As promised, Towards Open Form takes us towards a definition of Oskar Hansen’s radical humanist Utopia – Open Form – but alas, like Hansen, we never really arrive there. The book’s original source material, interviews and chronology help us piece together the Polish dissident’s theories of flexible and transformable architecture and urban plans, and his encouragement of participation by viewers or residents. But the documentation contained in it squares Hansen’s idealistic proposals against the often bleak reality of their application.
Towards Open Form balances this source material with retrospective analyses of Hansen’s (mostly unrealized) projects, from his concept for the Polish pavilion in São Paulo in 1959 to the design of his mother’s grave. Interviews with Hansen by Joanna Mytkowska and Hans Ulrich Obrist resist any nostalgic reverie for his ideals, consistently questioning their practicality and effectiveness. The book divides Hansen’s projects into three colour-coded categories: ‘Macro’, ‘Mezzo’ and ‘Micro’. The Macro introduces Hansen’s Linear Continuous System, an urban plan based on a linear spine, as opp-osed to ‘centric’ cities, which grow in response to demand (a condition that Hansen likens to gangrene). This section also includes his ‘humanization studies’ for revamping Polish urban planning, including his proposal for ‘humanizing Chocianow’, in which he proposed that the defunct machine-tool plant could benefit from better aeration corridors and ‘roses instead of walls’.
Among Hansen’s ‘Mezzo’ projects are his two large-scale Polish housing projects realized in the mid-1960s. In our first glimpse of photographic documentation of the Przyczolek Grochowski estate we see an abandoned-looking, sprawling tower block. The image of the ‘playground’ shows children standing between two giant concrete pillars connected by a single tube. Photographs of his ‘open-air theatre’ on the Slowacki estate in Lublin look more like a prime spot for teenagers to hang out in drinking beer around an open-pit fire. Hansen’s conclusion is that the inhabitants ruined it (‘the wire fences and hedgerows of the “private” gardens destroyed the free leisure space’) and suggests who should pay to fix it (residents should hire a private security company to prevent vandalism).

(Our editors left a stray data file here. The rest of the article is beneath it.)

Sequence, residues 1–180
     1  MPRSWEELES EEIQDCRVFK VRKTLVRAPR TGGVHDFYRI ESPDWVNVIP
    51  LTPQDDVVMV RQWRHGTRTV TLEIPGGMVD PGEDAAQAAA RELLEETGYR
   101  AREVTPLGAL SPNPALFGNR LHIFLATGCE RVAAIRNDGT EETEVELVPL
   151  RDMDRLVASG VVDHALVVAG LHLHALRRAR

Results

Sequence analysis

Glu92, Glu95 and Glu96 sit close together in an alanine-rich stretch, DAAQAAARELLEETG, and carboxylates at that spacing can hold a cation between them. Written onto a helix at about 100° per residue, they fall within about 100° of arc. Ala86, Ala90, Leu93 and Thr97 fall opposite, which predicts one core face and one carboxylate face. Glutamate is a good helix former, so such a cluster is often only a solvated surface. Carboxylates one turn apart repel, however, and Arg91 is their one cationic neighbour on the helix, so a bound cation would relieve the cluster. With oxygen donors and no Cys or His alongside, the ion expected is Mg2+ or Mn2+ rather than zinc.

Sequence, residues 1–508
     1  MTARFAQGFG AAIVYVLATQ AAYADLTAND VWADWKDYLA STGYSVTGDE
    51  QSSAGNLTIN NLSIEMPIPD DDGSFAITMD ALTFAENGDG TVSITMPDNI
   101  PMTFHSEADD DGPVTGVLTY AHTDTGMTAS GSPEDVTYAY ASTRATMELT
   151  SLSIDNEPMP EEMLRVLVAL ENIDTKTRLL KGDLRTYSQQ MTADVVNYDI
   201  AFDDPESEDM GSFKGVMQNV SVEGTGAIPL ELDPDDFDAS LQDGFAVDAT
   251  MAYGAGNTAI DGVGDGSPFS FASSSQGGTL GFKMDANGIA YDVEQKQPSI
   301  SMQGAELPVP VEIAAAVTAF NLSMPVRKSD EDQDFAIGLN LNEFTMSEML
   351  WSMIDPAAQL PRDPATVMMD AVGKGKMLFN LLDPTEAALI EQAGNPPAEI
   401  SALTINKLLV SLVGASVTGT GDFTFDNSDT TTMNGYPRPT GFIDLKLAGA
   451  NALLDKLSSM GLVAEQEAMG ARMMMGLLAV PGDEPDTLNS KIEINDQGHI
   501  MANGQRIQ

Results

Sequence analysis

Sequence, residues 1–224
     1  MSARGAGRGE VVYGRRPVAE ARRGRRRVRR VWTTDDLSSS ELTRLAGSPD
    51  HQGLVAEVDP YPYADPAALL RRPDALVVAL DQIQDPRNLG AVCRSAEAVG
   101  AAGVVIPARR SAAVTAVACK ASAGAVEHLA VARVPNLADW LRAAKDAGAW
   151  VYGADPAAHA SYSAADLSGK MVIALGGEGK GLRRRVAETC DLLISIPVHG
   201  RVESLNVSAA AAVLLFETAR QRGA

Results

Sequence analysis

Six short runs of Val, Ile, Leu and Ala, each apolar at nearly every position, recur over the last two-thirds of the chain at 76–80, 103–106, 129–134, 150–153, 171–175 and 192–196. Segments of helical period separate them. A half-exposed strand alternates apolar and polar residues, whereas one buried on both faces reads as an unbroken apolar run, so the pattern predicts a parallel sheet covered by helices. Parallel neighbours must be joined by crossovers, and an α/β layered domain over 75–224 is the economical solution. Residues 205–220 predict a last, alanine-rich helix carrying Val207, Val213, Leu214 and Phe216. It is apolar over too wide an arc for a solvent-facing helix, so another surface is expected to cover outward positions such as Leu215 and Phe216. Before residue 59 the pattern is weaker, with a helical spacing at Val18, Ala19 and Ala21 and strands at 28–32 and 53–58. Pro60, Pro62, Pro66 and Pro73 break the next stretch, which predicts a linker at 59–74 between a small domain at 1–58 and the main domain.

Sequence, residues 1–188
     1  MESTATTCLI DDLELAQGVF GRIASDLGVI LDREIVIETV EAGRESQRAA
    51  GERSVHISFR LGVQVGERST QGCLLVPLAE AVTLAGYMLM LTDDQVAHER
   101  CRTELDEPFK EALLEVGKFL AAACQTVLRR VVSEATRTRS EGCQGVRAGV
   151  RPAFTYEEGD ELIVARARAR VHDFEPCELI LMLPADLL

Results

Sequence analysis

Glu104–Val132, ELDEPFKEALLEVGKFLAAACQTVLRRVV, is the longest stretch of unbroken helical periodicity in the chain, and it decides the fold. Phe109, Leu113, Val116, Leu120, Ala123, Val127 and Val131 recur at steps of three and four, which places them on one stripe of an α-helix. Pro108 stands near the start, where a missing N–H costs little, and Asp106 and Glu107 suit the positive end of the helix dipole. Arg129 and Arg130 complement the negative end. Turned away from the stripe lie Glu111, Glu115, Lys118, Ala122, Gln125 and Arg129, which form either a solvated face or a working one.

Hansen’s Micro projects were his most successful. His design for the modern art museum in Skopje anticipated the flexibility that would be necessary to accommodate contemporary art, including spaces that could be folded or unfolded or electronically controlled to ‘emerge from underground’. His most famous design, though doomed to failure, was his entry in the 1957 competition for an Auschwitz memorial. The Road proposed leaving the camp in its existing state and leading viewers through the whole camp, without a single stationary monument.
The paradox that emerges throughout the book is the difficulty of designing architecture for a community that still caters to individuals. For Hansen ‘the goal is for each user to be able to change what he has been given, in line with the standards.’ This kind of prescriptive freedom, working within an unworkable fixed plan, reflects the inherent contradiction of Hansen’s Open Form, as well as the system it reacted against. But the book’s consistent theme is that these theories were consciously conceived to be asymptotic; the radical ideas of Open Form should be constantly approached, as a point in the future, but never actually touched.